Welcome to the Arabic Language Discussion Forum

Being a retired professor of Arabic and Linguistics, I have elected to publish an archive on how the Arabic language is used in America and across cultures.

I hope to establish a dialogue with people interested in the language, the teaching of the language, the learning of the language, and the interaction of Arabic and English while learning the language.

I am also interested in having a discussion as to the use of Arabic within the contexts of globalization.

Arabic is very much a language that binds a culture and defines a people. This blog is dedicated to understanding how American use, learn, and teach the Arabic language, and how Arabic, in Arab countries has been impacted crossculturally.

Aug 26, 2009

Can Arabic Survive in America ?

Detroit has the largest Arabic speaking population in the US.
Is Arabic maintained among Arab Americans in Detroit? Can it survive the contact with English the dominant language?

The above questions were partially discussed in an article, I have written, entitled Language Conflict and Identity: Arabic in the American Diaspora in an edited volume "Language Contact and Language Conflict in Arabic."

Should Arabic as a heritage language be maintained?
For a good discussion I would like to add the following quotation.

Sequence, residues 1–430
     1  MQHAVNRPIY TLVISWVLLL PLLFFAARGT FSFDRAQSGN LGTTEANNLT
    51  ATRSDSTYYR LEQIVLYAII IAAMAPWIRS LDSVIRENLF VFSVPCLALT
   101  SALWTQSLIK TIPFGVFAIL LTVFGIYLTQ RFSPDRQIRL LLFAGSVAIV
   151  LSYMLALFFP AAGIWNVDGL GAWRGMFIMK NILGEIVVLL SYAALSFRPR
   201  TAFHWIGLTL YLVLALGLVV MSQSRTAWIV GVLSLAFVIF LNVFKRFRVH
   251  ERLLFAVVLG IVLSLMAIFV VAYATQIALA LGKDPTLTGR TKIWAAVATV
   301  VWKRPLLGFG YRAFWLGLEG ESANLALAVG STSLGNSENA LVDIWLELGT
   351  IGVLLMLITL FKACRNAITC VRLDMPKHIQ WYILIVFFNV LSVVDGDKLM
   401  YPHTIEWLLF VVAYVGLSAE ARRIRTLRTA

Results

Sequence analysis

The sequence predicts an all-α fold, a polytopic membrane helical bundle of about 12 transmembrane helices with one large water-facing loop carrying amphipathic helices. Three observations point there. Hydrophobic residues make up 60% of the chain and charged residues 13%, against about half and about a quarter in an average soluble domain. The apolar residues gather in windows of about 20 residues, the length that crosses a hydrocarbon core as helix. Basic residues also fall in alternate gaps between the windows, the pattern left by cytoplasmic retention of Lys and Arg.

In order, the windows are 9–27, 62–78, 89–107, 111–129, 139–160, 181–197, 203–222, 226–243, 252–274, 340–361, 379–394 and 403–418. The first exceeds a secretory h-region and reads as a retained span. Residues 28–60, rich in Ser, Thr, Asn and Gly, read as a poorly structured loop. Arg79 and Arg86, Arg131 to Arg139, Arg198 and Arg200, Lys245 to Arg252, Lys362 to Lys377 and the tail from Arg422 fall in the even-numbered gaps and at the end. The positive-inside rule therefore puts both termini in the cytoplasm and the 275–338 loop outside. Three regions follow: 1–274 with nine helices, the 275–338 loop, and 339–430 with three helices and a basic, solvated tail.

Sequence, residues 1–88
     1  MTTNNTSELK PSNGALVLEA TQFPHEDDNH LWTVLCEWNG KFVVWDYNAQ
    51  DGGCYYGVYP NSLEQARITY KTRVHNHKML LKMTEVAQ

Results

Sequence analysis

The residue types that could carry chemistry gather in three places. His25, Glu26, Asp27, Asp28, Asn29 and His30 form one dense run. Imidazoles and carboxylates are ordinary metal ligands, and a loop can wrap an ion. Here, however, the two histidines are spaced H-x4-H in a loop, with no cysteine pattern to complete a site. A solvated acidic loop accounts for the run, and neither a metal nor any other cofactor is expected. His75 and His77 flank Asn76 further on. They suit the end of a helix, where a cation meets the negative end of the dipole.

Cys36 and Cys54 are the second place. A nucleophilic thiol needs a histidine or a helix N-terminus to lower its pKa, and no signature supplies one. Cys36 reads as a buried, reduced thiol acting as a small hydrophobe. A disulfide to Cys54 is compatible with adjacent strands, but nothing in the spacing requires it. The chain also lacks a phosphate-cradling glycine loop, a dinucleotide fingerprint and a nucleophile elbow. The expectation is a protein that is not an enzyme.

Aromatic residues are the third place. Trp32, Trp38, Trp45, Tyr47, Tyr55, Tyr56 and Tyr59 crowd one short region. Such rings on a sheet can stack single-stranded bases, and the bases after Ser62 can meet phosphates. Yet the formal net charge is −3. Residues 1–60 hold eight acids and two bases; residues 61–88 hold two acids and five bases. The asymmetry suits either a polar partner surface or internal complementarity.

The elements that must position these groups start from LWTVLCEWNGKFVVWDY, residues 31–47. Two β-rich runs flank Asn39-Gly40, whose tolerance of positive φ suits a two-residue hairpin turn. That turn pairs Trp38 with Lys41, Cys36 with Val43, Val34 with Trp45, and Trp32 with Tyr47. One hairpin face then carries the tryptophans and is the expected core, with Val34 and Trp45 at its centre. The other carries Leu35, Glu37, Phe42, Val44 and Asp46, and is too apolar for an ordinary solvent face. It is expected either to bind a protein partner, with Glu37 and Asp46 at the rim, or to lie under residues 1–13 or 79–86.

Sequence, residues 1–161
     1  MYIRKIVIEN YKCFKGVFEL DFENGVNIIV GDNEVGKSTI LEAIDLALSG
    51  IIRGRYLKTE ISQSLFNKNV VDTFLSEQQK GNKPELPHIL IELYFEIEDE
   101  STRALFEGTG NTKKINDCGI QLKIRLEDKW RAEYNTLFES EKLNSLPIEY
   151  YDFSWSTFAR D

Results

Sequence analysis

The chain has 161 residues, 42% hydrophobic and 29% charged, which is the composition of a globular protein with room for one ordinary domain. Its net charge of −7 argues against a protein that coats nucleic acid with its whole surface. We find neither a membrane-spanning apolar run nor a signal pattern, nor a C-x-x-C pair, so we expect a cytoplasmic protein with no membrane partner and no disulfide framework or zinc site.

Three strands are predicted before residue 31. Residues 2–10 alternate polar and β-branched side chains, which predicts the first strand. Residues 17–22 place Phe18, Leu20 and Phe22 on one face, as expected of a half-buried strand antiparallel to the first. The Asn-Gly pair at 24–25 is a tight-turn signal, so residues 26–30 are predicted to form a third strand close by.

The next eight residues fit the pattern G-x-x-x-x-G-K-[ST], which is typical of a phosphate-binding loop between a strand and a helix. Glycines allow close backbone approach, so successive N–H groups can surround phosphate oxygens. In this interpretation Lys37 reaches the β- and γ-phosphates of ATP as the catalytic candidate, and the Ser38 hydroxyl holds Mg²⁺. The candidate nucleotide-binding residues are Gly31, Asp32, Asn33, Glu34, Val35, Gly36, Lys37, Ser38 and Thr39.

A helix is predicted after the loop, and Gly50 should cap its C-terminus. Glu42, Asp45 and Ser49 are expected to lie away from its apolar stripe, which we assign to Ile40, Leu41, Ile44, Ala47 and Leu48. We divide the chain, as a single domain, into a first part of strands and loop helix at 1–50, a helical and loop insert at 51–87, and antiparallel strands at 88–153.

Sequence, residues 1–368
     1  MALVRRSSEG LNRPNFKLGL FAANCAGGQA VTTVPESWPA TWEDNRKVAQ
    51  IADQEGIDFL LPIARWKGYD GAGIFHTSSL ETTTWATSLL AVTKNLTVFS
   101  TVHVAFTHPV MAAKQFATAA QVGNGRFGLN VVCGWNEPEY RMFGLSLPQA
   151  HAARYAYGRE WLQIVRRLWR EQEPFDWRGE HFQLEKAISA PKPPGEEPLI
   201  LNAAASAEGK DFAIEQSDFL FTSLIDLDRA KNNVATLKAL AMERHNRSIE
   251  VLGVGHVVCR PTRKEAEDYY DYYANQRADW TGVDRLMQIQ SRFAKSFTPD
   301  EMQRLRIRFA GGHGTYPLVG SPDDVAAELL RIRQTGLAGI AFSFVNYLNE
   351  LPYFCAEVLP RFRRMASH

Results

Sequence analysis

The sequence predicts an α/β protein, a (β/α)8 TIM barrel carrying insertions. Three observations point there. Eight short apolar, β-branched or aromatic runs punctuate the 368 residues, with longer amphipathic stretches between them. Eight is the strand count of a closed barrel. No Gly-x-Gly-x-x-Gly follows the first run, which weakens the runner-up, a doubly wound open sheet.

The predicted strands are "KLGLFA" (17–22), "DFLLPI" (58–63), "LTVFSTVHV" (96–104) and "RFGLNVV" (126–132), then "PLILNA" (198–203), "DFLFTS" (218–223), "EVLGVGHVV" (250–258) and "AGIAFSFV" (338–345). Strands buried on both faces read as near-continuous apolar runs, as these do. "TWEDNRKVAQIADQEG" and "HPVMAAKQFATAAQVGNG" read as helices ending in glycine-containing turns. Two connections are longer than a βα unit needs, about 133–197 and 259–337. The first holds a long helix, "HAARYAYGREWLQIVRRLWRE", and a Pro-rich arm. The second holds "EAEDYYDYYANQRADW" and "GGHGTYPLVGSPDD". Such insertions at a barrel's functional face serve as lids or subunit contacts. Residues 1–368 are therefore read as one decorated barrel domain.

"One's native language is so much a part of one's identity that to denigrate it is to effectively deny one's human ability to communicate" by Nessa Wolfson and Joan Manes in Language of Inequality.
The discussion should deal with identity, ethnicity, bilingualism, and the teaching of foreign languages in schools.

Copyright © 2009 Aleya Rouchdy, All Rights Reserved

Should Arabic be Taught in Schools ?

"By undermining the importance of learning other languages, we are losing an opportunity to educate our students to be better citizen of the world......."learning a language exercises the mind and enriches the spirit." Mario F. Guillen, Chronicle of Higher Education on July 27, 2009.

Arabic is spoken by over 300 million in the world today. The importance of the Arabic language propelled me to begin a discussion about the Arabic language in general and the Arabic language in the US.

Arabic is taught in many American universities and a number of government sponsored language schools. Actually, Arabic was taught in the US before the signing of the Declaration of Independence ( see Ernest McCarus in The Arabic Language in America edited by Aleya Rouchdy).

The question now is: should Arabic be taught in elementary, middle and high schools in the US?
For the sake of discussion,I would like to add that Chinese is taught in some middle and high schools.

Copyright © 2009 Aleya Rouchdy, All Rights Reserved